Airbnb offers the familiarity of home but is itself becoming commercialised

Accommodation sharing platforms such as Airbnb are commercialising an age old ‘friends and family’ arrangement when staying away from home, says Paul Lynch, Professor of Critical Hospitality and Tourism at Edinburgh Napier University.

Date posted

7 October 2016

12:05

Last updated

21 November 2016

In France, recent terrorist attacks seem to have accelerated the popularity of the accommodation sharing business model.

A report has highlighted a significant growth of Airbnb stays in France for summer 2016. Airbnb stays between June and August rose 86% compared to the previous year while the year-on-year hotel occupancy rate for August dropped from 90% to 64%.

Why do sharing economy accommodation operators hold such appeal in a climate of fear over terrorism? 

We caught up with Professor Lynch and asked him why 3.6million travelers, in the context of recent terrorist attacks, opted to use online marketplaces.

Paul’s research suggests that these platforms deliver a deeper sense of belonging, creating what he calls ‘commercial homes’ or ‘commercial home enterprises’.

Why do you think online accommodation marketplaces are becoming so popular?

 "Let’s put the market into context.

Although attention has traditionally been paid to people staying in more commercial forms of accommodation such as guesthouses or B&Bs, the majority of travel stays have always been with friends and family.

It’s an under researched area.

So what Airbnb and others do is perhaps a little bit more like a paid friends and family arrangement. They have commercialised a process that has been occurring naturally for a long time.

People love the intrinsic idea of the product. It’s perceived to be unique, high quality and full of intangible value.

This sharing economy model offers travellers the familiarity of a home and feeds into the idea of being a local with insider knowledge of a destination.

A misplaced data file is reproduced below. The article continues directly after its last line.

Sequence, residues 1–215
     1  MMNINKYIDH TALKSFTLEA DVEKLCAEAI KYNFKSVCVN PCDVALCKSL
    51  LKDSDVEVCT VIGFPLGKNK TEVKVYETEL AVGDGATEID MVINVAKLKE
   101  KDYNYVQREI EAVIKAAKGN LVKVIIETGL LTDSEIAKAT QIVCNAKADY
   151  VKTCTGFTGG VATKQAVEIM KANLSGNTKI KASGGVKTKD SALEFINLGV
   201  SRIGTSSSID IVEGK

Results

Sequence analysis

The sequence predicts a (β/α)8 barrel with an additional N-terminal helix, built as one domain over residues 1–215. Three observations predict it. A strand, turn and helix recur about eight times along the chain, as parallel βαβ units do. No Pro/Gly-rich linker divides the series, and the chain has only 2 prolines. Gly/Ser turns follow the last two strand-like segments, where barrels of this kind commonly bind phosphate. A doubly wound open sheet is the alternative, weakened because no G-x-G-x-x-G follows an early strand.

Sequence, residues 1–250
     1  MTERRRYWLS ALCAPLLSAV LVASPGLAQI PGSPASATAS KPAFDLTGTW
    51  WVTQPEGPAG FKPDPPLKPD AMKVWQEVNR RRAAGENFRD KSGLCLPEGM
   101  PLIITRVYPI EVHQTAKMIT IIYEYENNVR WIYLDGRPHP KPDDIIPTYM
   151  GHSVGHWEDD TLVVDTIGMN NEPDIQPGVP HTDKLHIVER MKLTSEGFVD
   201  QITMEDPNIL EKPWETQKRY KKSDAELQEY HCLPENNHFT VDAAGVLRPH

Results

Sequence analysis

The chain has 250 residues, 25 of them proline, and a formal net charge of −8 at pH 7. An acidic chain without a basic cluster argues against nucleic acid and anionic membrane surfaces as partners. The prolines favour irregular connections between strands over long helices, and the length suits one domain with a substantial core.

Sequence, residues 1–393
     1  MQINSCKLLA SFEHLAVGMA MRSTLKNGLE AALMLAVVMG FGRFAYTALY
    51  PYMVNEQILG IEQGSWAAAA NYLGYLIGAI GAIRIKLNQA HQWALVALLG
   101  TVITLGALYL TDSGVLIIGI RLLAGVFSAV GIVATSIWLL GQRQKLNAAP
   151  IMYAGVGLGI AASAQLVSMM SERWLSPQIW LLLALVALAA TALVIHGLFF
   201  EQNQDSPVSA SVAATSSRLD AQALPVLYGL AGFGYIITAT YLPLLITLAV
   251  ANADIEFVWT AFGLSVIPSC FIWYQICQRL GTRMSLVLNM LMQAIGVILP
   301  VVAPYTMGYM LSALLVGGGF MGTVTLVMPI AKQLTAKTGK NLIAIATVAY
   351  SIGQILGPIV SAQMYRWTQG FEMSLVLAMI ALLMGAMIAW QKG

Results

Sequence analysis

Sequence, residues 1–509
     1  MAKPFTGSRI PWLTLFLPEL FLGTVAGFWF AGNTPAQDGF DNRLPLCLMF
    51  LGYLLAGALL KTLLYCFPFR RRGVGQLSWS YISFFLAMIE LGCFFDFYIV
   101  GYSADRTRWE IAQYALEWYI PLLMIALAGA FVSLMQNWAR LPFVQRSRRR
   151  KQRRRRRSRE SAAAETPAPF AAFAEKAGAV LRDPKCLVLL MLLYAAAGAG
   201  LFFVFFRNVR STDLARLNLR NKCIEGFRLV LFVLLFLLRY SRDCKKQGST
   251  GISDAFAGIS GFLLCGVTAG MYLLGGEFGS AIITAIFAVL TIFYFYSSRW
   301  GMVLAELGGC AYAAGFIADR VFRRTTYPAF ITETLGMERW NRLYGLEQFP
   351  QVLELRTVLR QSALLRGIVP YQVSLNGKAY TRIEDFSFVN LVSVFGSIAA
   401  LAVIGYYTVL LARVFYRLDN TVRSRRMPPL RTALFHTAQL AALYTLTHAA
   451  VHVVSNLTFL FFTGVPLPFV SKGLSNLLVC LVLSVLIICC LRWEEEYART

It offers the chance to get ‘off the beaten path’, to connect with the community and culture in a more meaningful way. It also has ethical value, ensuring money stays more locally.

We can see it as a counter point to a traditional hotel experience."

How will accommodation marketplaces change the hotel industry?

"Moving forward I think that operators such as Airbnb face a significant problem.

There has been increased penetration by commercial hospitality operators - not just the single householder, but also those running three or four properties operating a commercial business model.  

This moves away from the original ethos of private homes making use of underutilised space.

What we get is a stronger commercial penetration in some cases – as it varies from destination to destination - being encouraged and facilitated.

For travellers this cascades into a different kind of experience, one that complicates the product a lot more. This creates a higher risk element for travellers because their expectations may not align with their experience.

I think it’s a significant threat.

There is a danger that Airbnb will become part of the system that they have traditionally been reacting against.

The relationship between Airbnb and the tourism destination could become too commercialised.

Having said that, there’s a significant opportunity for tourism destinations to promote the upsides of hosting travellers as a means to widen community participation in tourism.

Community engagement and participation is widely considered to be one of the holy grails of tourism."

Can the traditional hotel industry compete with sharing economy accommodation operators?

 "One could argue that they’re two distinctive products.

By keeping with their original ethos sharing economy accommodation operators are more distinct from the hotel market and provide that contrast.

I think hotels continue to look towards trying to provide a more homelike and personal experience. They are drawing more heavily upon the design and ambience of a private home.

By and large, I see them as continuing to be very distinctive in their own right, rather than a direct competitor or threat."

Paul Lynch, Professor of Critical Hospitality and Tourism at Edinburgh Napier University